I suppose to him I Iooked like working class trash. With my broad features and dark, tired eyes maybe I came across as just another insignificant middle-aged foreign worker heading home from the night shift.
And I admit, I hadn’t tried very hard that morning. It was my day off and, focused on getting Renata to her early morning flight at Heathrow’s Terminal 4, I had foregone a shave and a shower, simply throwing on a hoodie and an old pair of jeans before heading out the door.
Yes, I had noticed the deleterious effect of my appearance on the level of customer service at the airline counter but, with forced humility, I rejected the urge to fetch my airport ID pass from my pocket and hang the lanyard around my neck. The “Head of” in my function title, clearly visible on the front of the pass, has proven to carry at least a little weight and corresponding respect with it – combined with proper business attire, of course – even if the title itself is the somewhat obscure and dubious “Head of Multi Faith Chaplaincy”.
To me he looked like what he probably was: a successful young executive returning home from his latest conquest abroad, decked out in a tailored suit and bespoke shoes, using one hand to guide his exclusively-branded, wheeled carry-on, and the other to clutch a take-away cup from Café Nero. Clearly his devotion to a penny earned was the only thing motivating him to take the Piccadilly line rather than a cab to a posh Central London address.
I don’t have the necessary degrees in psychology to know what makes a man like that, even in the early hours of a Saturday morning, to go looking for yet another victory. But I do know that he saw in me a clear expression of just such an opening; I was an easy target for a gratuitous shot of privilege. Joining the carriage at the Central Terminal Area, he confidently surveyed the seating options and, spotting a space next to scruffy me, made his choice, ignoring the half-dozen other empty seats in my section.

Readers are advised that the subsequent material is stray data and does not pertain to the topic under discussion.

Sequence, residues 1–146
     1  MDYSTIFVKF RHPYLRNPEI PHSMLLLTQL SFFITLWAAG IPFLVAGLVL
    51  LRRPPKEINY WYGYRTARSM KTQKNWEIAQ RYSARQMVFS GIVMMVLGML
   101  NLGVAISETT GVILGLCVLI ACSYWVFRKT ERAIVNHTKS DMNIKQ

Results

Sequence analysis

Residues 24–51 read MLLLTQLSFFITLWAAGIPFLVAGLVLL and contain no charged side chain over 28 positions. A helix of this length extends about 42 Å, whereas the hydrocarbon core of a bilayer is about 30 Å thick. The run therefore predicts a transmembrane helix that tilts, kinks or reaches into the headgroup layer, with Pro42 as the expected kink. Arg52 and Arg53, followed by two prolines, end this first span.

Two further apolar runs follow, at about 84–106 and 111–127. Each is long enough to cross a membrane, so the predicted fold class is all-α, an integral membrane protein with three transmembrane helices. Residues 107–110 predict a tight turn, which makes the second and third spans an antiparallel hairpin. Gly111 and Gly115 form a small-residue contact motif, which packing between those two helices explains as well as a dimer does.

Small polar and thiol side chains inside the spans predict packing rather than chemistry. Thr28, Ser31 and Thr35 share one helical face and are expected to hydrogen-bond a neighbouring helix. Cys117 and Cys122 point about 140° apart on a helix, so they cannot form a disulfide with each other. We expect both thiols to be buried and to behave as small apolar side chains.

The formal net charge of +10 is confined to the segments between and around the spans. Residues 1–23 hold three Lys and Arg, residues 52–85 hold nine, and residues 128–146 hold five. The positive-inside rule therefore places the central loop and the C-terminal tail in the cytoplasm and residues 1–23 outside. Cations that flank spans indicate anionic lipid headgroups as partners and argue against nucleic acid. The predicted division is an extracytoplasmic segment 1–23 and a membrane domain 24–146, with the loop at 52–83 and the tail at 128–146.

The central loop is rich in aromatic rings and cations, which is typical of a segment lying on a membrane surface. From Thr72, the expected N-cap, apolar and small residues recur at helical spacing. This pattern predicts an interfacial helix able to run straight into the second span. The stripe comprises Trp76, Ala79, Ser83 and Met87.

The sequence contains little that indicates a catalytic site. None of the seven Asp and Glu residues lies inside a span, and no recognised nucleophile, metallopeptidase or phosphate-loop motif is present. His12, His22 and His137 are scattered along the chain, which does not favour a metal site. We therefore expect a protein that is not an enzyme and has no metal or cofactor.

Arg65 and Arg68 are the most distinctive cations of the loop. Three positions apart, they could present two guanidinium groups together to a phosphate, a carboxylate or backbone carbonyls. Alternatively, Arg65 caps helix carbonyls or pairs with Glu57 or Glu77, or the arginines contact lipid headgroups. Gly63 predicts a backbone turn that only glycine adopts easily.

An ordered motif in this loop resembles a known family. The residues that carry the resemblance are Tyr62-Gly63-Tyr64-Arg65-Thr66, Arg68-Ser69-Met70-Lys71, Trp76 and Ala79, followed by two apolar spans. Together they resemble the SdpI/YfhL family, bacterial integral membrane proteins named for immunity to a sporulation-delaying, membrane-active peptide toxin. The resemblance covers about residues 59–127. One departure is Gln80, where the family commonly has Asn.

The banging of my knees with his luggage was, I believe, purposeful. As was the ‘man-spreading’ of his legs as he took his seat beside me, using the minimal space requirements of his small wheeled bag as a reason to push my knees aside. There was no need, the aisle was empty, so I didn’t budge, leaving his leg pushing hard against mine to no avail. And leaning back in his seat he pushed his arms onto the armrest, only to find that, on the left-hand side, my arm was already firmly established and had been so since the train left Terminal 4.
He pushed. I didn’t move. He pushed harder. I held firm.
There are a good many things I have yet to understand about this society, but this isn’t one of them. I get it: it is at all times and in all places incumbent on those with an inferior status to acquiesce to the whims of those of a higher status – lineage, money, education and linguistic accent often being the primary determinants of such entitlement.
Clearly I was in breach of a social contract. The young man, probably 20 years my junior, reacted to my intransigence with a sudden, violent shake of his whole body as he tried all at once to push me into the corner he wished for me.